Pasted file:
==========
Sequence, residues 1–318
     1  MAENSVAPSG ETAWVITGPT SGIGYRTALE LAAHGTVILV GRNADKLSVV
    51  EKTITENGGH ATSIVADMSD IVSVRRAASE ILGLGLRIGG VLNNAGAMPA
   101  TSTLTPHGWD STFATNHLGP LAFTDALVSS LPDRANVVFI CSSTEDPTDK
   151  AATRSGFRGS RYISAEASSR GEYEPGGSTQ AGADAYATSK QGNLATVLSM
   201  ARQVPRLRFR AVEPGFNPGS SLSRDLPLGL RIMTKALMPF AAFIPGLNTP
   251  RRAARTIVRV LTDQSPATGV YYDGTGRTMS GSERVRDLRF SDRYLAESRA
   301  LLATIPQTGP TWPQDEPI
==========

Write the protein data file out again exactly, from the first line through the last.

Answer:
Sequence, residues 1–318
     1  MAENSVAPSG ETAWVITGPT SGIGYRTALE LAAHGTVILV GRNADKLSVV
    51  EKTITENGGH ATSIVADMSD IVSVRRAASE ILGLGLRIGG VLNNAGAMPA
   101  TSTLTPHGWD STFATNHLGP LAFTDALVSS LPDRANVVFI CSSTEDPTDK
   151  AATRSGFRGS RYISAEASSR GEYEPGGSTQ AGADAYATSK QGNLATVLSM
   201  ARQVPRLRFR AVEPGFNPGS SLSRDLPLGL RIMTKALMPF AAFIPGLNTP
   251  RRAARTIVRV LTDQSPATGV YYDGTGRTMS GSERVRDLRF SDRYLAESRA
   301  LLATIPQTGP TWPQDEPI